Modality of presentation: PC-Game

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The Bafflement Fires

Jason Nelson

“The Bafflement Fires” is an interaction fiction/poem in the form of a digital recreation of a
Freemason board game from the 1950s. Based on found documents, this strange game,
written by a psychologist and Mason, was seemingly an attempt to alter player’s perception
through quiz and play.
While it appears some of the game was lost/destroyed, as the documents I found were
incomplete or damaged, enough was there for me to create a semi-accurate version. Using
a quiz game engine, and creating new fiction questions and answers, the Bafflement Fires is
my attempt to build a part fiction, part creative non-fiction world, told through the surreal and
literary answers/questions of someone trying to influence how we perceived the world
around/inside us, playable on a screen attempting to create it’s own pixeled reality.
The exciting challenge of creating the Bafflement Fires is that it is one of the first interactive
fiction/poems told entirely through a series of quiz questions.
Part game, part artwork, part poem, part fiction, part interactive creature!

Modality of presentation: Web based work

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The Gathering Cloud

J. R. Carpenter

The Gathering Cloud is a hybrid print and web-based work which aims to address the
environmental impact of so-called ‘cloud’ computing by calling attention to the materiality of
the clouds in the sky. Both are commonly perceived to be infinite resources, at once vast
and immaterial; both, decidedly, are not. Fragments of text from Luke Howard’s classic
Essay on the Modifications of Clouds (1803) and other more recent online articles and books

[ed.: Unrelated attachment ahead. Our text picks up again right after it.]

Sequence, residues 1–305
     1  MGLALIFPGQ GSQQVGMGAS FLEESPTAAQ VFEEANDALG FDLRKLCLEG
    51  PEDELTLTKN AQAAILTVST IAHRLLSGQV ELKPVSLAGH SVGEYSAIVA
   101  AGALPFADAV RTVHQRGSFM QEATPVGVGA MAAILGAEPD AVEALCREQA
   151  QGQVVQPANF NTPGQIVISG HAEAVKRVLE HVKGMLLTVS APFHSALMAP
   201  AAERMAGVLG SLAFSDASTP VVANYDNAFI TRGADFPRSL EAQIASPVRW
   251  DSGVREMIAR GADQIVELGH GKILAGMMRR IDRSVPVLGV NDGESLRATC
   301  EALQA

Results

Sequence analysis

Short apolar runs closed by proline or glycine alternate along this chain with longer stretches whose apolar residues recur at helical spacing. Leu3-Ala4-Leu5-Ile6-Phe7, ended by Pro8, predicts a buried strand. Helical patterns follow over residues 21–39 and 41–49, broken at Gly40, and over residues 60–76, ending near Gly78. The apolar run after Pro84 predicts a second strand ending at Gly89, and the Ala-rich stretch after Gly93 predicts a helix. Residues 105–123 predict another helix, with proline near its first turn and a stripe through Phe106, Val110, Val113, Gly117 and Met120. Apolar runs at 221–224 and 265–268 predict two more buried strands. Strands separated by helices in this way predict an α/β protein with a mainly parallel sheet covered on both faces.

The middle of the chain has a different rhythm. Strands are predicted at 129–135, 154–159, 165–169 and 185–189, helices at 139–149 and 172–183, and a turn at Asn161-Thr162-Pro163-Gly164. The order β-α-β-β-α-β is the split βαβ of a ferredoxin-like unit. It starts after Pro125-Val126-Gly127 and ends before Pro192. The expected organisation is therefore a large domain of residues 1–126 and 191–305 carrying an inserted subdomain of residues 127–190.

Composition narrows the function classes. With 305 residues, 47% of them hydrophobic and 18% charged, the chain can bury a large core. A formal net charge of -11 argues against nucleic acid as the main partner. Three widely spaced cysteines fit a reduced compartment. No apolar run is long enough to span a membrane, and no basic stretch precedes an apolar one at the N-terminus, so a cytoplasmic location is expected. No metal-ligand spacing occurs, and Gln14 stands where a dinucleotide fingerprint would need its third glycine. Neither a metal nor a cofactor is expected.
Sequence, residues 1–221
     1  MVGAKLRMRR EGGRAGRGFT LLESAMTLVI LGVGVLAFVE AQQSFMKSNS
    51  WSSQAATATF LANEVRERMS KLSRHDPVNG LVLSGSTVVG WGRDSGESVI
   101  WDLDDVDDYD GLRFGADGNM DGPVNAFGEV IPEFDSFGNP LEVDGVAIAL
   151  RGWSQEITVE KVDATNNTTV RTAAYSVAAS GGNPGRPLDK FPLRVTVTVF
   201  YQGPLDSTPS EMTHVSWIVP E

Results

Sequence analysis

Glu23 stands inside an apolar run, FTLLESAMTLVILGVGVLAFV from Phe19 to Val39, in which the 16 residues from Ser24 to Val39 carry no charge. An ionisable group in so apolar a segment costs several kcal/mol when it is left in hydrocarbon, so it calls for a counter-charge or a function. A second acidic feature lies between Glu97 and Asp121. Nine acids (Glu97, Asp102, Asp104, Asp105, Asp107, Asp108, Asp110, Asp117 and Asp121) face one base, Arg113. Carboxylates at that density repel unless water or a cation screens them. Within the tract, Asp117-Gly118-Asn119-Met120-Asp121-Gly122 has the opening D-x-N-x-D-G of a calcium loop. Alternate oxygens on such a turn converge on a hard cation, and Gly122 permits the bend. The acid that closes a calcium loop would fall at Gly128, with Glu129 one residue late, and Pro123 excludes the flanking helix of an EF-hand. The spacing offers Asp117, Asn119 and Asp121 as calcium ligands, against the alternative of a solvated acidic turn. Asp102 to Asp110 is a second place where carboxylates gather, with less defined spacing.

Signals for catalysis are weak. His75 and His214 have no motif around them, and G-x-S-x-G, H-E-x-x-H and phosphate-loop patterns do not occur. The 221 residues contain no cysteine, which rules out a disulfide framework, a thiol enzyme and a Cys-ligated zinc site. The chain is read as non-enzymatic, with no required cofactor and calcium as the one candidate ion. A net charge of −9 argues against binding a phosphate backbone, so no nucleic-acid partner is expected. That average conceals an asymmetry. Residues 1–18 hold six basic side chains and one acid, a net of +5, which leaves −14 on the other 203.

on media and the environment are pared down into hypertextual hendecasyllabic verses.
These are situated within surreal animated gif collages composed of images materially
appropriated from publicly accessible cloud storage services. The cognitive dissonance
between the cultural fantasy of cloud storage and the hard facts of its environmental impact
is bridged, in part, through the constant evocation of animals: A cumulus cloud weighs one
hundred elephants. A USB fish swims through a cloud of cables. Four million cute cat pics
are shared each day. A small print iteration of The Gathering Cloud shared through gift,
trade, mail art, and small press economies further confuses boundaries between physical
and digital, scarcity and waste. A print book edition of The Gathering Cloud, featuring an
extended essay by the author, a foreword by media theorist Jussi Parikka and an afterword
by poet Lisa Robertson, was published by Uniformbooks in April 2017.
The Gathering Cloud was commissioned by NEoN Digital Arts Festival, Dundee, UK, 9-13
November 2016.

It won the New Media Writing Prize 2016, was shortlisted for the ELO Prize 2017, and was an Editor’s Pick for the Saboteur Awards 2017.

Modality of presentation: Web based work
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How To Rob A Bank

Alan Bigelow

“How To Rob A Bank” is a love story in three parts. The story focuses on the misadventures
of a young and inexperienced bank robber and his female accomplice. The entire work is
revealed through the main characters’ use of their iPhones and the searches, texts, apps,
imagery, animations, audio, and functions that appear on their iPhones. Links are provided
at the end of each section to the next sections. Built with HTML5 and playable on desktop,
laptop, iPad, and portable devices.

Modality of presentation: Web based work
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Will Luers, Hazel Smith and Roger Dean

“novelling” is a recombinant digital novel that employs text, video and sound. It poses
questions about the acts of reading and writing fiction, and inhabits the liminal space
between the two activities. The work is a generative system that algorithmically orders and
spatially arranges fragments of media (design elements, text, video and sound) in 6-minute